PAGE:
Concrete that flows into rebar-congested forms under its own weight, with no vibration and no segregation, is the dream of every contractor. Today, most ready-mix producers can provide that dream material—self-consolidating concrete (SCC). So why then are SCC mixes still the exception and not the rule?

A basic understanding of how to produce self-consolidating concrete has existed in North America for at least 10 years. Combine the proper amounts of coarse and fine aggregate with cementitious materials, fines (or “powder”), water, and admixtures, and the concrete will flow. Such a mix is easy to place, even with congested reinforcement, is easy to pump, and produces very high quality concrete surfaces.

Most importantly for the contractor, SCC needs no consolidation, eliminating vibrators.

“I could never keep a good vibrator operator,” says one contractor, “because the job usually was assigned to the lowest ranking laborer and as soon as I got him trained he would find a new job.”

With all those things going for it, SCC would seem an obvious choice for any concrete going into formwork. So why is it still relatively rare in site-cast construction? One reason is that simple standardized test methods did not exist for several years. That mostly has been resolved with the slump flow test and the J-ring test. But the two greatest barriers to acceptance are cost and the difficulty producers have had with consistency and robustness.

Today new methods are available that overcome these obstacles, including a new way of proportioning concrete and reducing cement content by a company called iCrete, Beverly Hills, Calif. Properly proportioned SCC mixes can achieve all the attributes of SCC at less cost and with more robustness—you get the same concrete every time regardless of slight variations in the ingredients.

To avoid having to vibrate, the contractor ordered SCC at the Revel project in Atlantic City, N.J., for all formed concrete.
ICRETE To avoid having to vibrate, the contractor ordered SCC at the Revel project in Atlantic City, N.J., for all formed concrete.

Testing and tolerances

There are three primary characteristics of a good self-consolidating concrete:

  • high flowability, which allows the SCC to fill forms without consolidation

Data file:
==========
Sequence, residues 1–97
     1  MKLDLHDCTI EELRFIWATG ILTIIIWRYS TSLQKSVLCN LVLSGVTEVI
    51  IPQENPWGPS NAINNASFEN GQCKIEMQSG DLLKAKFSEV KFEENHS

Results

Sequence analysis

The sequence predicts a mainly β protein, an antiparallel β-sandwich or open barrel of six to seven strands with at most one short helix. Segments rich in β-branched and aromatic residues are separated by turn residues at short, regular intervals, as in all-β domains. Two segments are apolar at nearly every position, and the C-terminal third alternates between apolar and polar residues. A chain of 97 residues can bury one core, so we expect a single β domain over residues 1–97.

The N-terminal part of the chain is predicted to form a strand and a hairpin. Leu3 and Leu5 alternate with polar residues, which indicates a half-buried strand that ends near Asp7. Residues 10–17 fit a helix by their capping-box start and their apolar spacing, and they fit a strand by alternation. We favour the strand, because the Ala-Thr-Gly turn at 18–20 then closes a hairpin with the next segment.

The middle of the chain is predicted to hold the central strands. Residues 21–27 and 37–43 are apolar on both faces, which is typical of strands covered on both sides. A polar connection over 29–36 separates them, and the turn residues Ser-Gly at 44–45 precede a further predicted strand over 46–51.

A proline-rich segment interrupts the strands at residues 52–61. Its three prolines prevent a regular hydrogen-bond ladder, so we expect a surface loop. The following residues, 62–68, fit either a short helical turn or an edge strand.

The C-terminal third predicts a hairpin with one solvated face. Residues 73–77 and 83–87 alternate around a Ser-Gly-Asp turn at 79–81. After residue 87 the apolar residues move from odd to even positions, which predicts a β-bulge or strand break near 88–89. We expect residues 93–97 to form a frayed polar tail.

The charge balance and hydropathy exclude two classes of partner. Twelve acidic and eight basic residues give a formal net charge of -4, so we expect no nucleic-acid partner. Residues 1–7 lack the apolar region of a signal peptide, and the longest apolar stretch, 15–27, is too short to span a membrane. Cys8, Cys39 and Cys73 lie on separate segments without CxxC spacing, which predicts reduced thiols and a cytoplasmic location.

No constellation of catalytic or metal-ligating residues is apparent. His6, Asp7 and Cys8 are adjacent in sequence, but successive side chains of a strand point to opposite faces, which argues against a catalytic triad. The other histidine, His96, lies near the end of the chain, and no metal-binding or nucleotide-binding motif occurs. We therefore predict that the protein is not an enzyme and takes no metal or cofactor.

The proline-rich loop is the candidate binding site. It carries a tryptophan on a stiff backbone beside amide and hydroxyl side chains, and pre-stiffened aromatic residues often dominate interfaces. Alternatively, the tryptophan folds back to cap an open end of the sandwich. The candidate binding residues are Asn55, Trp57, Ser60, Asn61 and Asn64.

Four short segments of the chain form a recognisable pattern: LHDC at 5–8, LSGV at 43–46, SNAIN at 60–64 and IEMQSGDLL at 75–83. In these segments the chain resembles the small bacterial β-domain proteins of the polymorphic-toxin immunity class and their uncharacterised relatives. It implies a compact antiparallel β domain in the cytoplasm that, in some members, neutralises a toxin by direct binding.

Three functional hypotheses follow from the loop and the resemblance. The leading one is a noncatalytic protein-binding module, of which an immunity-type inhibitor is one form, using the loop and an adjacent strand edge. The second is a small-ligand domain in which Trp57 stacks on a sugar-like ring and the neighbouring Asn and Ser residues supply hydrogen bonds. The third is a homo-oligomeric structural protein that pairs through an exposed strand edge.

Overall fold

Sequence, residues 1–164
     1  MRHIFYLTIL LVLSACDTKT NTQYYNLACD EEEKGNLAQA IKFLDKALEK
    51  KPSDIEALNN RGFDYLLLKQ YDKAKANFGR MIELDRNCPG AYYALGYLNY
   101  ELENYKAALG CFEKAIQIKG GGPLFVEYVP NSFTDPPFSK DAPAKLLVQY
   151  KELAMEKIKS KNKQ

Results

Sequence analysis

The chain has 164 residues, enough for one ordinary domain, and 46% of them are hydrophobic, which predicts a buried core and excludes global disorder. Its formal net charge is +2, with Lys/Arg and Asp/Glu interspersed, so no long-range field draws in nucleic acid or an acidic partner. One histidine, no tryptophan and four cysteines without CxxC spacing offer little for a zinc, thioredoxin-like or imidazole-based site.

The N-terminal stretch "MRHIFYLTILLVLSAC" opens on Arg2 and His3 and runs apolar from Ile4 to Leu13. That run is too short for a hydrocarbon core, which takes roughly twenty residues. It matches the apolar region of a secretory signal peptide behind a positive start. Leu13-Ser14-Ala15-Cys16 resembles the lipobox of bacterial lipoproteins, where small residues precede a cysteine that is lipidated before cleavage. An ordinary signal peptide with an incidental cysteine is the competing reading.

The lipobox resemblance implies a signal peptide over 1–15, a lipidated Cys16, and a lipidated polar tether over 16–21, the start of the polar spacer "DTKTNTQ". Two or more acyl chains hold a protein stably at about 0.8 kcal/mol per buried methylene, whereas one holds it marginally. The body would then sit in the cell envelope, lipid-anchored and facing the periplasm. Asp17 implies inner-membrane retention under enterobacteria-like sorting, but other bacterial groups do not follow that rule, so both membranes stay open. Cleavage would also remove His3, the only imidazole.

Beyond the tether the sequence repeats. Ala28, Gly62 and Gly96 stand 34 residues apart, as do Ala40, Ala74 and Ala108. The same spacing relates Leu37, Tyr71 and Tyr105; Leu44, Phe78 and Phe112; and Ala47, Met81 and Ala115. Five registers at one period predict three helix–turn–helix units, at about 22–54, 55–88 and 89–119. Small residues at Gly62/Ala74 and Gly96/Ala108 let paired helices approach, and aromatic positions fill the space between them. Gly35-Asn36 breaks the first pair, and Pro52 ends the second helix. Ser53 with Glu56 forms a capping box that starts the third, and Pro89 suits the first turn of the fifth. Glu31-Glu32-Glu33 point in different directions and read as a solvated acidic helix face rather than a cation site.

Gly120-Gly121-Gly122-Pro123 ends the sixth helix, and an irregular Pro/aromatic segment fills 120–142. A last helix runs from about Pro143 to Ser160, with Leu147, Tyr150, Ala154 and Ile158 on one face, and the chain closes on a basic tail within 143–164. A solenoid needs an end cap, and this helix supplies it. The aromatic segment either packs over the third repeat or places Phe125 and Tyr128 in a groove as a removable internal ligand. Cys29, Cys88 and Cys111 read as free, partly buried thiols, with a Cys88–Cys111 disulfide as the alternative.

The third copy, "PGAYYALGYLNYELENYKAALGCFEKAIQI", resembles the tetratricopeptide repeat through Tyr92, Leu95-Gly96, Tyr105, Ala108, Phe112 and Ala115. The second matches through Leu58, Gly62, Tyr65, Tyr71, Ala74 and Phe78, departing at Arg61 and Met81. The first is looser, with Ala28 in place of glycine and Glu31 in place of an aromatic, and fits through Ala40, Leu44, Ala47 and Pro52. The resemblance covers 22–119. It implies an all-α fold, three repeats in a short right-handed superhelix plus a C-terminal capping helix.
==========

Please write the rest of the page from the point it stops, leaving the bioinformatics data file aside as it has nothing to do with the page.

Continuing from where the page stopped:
• passing ability, which allows the concrete to flow through closely spaced reinforcement
  • resistance to segregation, often referred to as stability, which implies no separation of the paste and aggregate

Flowability is measured using the slump flow test, now standardized as ASTM C 1611, “Slump Flow of Self-Consolidating Concrete.” This is basically a standard slump test, although the slump cone often is inverted to make it easier to fill. Rather than measure the vertical slump, because the concrete spreads out to a thin layer, the testing technician measures the diameter of the resulting concrete patty. Typical SCC mixes have slump flows between 19 and 30 inches.

Establishing tolerances on slump flow is critical to preventing rejection of batches. For example, the new Revel resort in Atlantic City, N.J., includes two 1900-room hotel towers and 650,000 square feet of casino and dining/retail/entertainment space. SCC proportioned with the iCrete system is being used for all formed concrete, such as columns and walls. The tolerance on the SCC mix is ±2 inches on a specified spread of 25 inches. This tolerance is the same regardless of the specified strength, which ranges from 6000 to 12,000 psi. Other project specifications have different tolerances—the tolerance on a recent Australian project was 700 mm ± 20 mm (27.5 inches ± 0.8 inches). Such a tolerance is unreasonable.

Based on testing done for ASTM using multiple laboratories and multiple technicians, spreads can vary up to 3 inches between testing technicians, even if they use the same test apparatus. According to Colin Lobo of the National Ready Mixed Concrete Association, ASTM subcommittee C 09.40 has balloted a tolerance to include in C 94, “Specification for Ready Mixed Concrete,” that would establish a tolerance of ±2.5 inches on slump flows greater than 22 inches (±1.5 inches on slump flows less than 22 inches). This seems a reasonable tolerance on such an imprecise test.